Sugary Drinks Linked to Gout

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ATLANTA — Here in the home of Coca-Cola, researchers reported that consumption of fructose-sweetened sodas was significantly associated with newly diagnosed gout in the Nurses' Health Study.

Participants in the 22-year study who reported drinking one sugary soda per day were 74 percent more likely than those who said they drank less than one per month to develop incident gout – an inflammatory condition caused by elevated levels of uric acid in the blood that deposits in the joints – according to Dr. Hyon Choi of Boston University and colleagues.

The risk was even higher among participants who reported drinking two or more sugary sodas per day, Choi reported at a poster session here during the American College of Rheumatology's annual meeting. The findings were also published simultaneously online in the Journal of the American Medical Association.

Read this story on www.medpagetoday.com.

The association was not limited to soft drinks, though — orange juice also appeared to be a risk factor for incident gout.

"Physicians should be aware of the potential effect of these beverages on the risk of gout," Choi and colleagues wrote in the JAMA article.

They noted that, although gout has been a predominantly male disease, it strikes women too, particularly those older than 70.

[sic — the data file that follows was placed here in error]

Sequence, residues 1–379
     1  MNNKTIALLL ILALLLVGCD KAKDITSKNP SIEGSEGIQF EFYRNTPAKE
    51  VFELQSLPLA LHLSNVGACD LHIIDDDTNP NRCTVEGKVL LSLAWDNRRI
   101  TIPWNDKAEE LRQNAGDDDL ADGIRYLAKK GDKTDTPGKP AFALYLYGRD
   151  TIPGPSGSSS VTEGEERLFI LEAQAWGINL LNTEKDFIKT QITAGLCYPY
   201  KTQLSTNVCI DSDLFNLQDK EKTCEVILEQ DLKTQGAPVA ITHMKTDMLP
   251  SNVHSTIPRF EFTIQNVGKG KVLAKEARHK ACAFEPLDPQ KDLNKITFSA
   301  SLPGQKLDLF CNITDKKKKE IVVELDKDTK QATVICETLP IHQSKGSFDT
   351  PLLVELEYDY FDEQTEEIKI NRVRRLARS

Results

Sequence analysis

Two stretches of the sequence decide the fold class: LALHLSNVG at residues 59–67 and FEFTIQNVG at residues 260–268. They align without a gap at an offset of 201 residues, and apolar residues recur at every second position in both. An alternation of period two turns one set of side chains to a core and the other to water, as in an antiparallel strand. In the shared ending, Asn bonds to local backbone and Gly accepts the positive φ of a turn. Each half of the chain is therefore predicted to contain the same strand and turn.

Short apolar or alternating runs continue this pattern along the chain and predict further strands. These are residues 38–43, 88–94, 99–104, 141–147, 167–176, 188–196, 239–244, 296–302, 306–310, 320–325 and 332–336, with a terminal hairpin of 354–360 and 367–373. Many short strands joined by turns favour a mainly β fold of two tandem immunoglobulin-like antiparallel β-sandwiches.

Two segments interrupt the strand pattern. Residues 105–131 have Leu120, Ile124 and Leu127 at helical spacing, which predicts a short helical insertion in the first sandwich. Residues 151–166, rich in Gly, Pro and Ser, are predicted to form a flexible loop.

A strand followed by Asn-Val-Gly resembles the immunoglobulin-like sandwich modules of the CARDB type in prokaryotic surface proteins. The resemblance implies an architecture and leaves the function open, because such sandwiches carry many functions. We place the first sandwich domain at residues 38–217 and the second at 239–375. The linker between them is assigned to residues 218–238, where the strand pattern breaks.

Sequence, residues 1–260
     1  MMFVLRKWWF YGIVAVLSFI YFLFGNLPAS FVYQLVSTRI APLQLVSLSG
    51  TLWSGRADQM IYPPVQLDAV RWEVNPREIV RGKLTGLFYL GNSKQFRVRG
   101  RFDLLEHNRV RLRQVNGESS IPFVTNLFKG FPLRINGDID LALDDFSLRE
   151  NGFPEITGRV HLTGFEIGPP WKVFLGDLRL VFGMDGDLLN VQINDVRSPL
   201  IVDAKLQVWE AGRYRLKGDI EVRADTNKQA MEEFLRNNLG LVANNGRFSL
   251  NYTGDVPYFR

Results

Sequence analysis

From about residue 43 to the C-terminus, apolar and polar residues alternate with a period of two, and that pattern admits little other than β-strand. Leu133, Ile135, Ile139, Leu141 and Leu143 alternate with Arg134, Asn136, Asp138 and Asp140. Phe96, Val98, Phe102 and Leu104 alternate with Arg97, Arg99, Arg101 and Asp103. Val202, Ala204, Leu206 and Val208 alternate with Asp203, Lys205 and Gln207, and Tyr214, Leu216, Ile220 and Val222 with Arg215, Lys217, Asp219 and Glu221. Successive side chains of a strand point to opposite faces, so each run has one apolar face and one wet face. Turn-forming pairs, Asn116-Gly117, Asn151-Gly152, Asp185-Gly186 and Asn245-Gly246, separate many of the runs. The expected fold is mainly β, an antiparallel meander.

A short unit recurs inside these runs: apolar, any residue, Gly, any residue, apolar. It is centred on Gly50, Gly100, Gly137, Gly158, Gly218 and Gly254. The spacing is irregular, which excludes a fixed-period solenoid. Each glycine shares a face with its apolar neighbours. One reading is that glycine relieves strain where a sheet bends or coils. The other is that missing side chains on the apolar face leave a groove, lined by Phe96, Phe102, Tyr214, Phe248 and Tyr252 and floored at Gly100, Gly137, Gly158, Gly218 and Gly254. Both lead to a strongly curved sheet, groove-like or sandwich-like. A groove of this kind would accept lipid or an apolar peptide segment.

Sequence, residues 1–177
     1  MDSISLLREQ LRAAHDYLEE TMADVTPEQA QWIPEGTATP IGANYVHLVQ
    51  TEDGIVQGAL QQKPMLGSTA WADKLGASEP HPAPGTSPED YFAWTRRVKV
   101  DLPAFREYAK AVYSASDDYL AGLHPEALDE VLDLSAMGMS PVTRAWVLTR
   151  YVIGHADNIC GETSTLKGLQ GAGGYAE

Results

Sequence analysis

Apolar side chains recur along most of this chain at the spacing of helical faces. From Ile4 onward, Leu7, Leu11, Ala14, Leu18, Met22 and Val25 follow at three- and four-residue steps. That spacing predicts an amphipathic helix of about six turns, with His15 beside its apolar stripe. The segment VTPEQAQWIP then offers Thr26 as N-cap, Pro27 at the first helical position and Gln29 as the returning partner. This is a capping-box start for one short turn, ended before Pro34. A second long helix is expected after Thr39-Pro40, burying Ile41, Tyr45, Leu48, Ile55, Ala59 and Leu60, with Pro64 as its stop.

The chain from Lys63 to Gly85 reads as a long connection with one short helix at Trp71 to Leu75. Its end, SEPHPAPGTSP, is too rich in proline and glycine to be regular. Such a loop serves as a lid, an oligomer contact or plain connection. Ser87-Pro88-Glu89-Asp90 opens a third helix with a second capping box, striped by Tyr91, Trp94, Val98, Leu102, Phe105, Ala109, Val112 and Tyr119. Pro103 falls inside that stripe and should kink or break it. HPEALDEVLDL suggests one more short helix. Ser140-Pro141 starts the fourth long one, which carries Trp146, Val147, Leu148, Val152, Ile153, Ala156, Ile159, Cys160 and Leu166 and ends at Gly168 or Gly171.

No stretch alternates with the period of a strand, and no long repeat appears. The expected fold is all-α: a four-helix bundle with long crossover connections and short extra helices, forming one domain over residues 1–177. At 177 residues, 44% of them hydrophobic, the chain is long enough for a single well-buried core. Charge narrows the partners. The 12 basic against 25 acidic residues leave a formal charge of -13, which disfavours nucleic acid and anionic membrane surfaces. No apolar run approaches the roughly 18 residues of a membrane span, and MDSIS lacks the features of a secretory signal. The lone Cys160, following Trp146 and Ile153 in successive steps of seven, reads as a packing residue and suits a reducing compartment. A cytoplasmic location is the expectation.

The Nurses' Health Study, a huge longitudinal study of female health professionals that began in 1984, appeared to be an ideal for examining the role of diet in gout among women. Participants completed a detailed questionnaire on diet and other lifestyle factors at baseline and were followed prospectively through 2006, providing 22 years of follow-up.

Choi and colleagues looked for associations between sugar-sweetened drink intake and incident gout in about 79,000 participants who did not have known gout at baseline. During the study, 778 women were diagnosed with gout.

After adjusting for other dietary factors believed to contribute to gout as well as age, menopause status, body mass index, history of hypertension, diuretic use, and hormone therapy, the researchers found significant correlations between fructose-sweetened soda consumption and incident gout.

Consumption of diet soft drinks at any level examined in the study — the highest category was two or more per day — was not associated with gout incidence.

Looking only at sugar-sweetened cola beverages, participants who drank two or more per day were 97 percent more likely to develop incident gout than those who consumed less than one per month.

An even stronger relationship to gout risk was seen with orange juice consumption. Women who said they drank it once daily were at 41 percent higher risk for a gout diagnosis, rising to 142 percent with twice-daily consumption.

Other fruit juices collectively did not show a significant association.

Choi and colleagues also examined the gout risk associated with fructose consumption from all sources in various study subgroups, stratified by body mass index, alcohol consumption, and low-fat dairy intake. The latter did not seem to affect the gout risk conferred by fructose consumption.

But in women with BMI of 30 or more and those drank alcohol (compared with abstainers), the effects of fructose on gout risk appeared strengthened.

Fructose, unlike other sugars, increases uric acid levels in the blood, Choi and colleagues explained.

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